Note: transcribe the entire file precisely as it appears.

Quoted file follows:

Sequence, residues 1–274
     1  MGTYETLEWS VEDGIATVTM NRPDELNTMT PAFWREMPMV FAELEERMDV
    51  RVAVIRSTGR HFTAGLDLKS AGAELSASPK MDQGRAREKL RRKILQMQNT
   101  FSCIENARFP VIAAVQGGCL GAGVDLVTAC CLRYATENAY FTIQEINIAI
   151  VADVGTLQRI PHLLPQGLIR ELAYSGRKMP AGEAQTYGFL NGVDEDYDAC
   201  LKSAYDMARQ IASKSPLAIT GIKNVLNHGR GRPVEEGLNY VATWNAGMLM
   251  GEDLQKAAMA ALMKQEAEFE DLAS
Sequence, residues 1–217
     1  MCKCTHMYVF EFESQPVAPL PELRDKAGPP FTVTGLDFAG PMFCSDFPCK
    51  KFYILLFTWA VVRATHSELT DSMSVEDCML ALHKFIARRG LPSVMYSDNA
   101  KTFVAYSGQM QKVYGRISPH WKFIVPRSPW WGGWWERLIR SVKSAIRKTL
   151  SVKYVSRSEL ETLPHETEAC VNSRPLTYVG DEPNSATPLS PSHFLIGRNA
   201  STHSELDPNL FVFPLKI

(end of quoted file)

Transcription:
Sequence, residues 1–274
     1  MGTYETLEWS VEDGIATVTM NRPDELNTMT PAFWREMPMV FAELEERMDV
    51  RVAVIRSTGR HFTAGLDLKS AGAELSASPK MDQGRAREKL RRKILQMQNT
   101  FSCIENARFP VIAAVQGGCL GAGVDLVTAC CLRYATENAY FTIQEINIAI
   151  VADVGTLQRI PHLLPQGLIR ELAYSGRKMP AGEAQTYGFL NGVDEDYDAC
   201  LKSAYDMARQ IASKSPLAIT GIKNVLNHGR GRPVEEGLNY VATWNAGMLM
   251  GEDLQKAAMA ALMKQEAEFE DLAS
Sequence, residues 1–217
     1  MCKCTHMYVF EFESQPVAPL PELRDKAGPP FTVTGLDFAG PMFCSDFPCK
    51  KFYILLFTWA VVRATHSELT DSMSVEDCML ALHKFIARRG LPSVMYSDNA
   101  KTFVAYSGQM QKVYGRISPH WKFIVPRSPW WGGWWERLIR SVKSAIRKTL
   151  SVKYVSRSEL ETLPHETEAC VNSRPLTYVG DEPNSATPLS PSHFLIGRNA
   201  STHSELDPNL FVFPLKI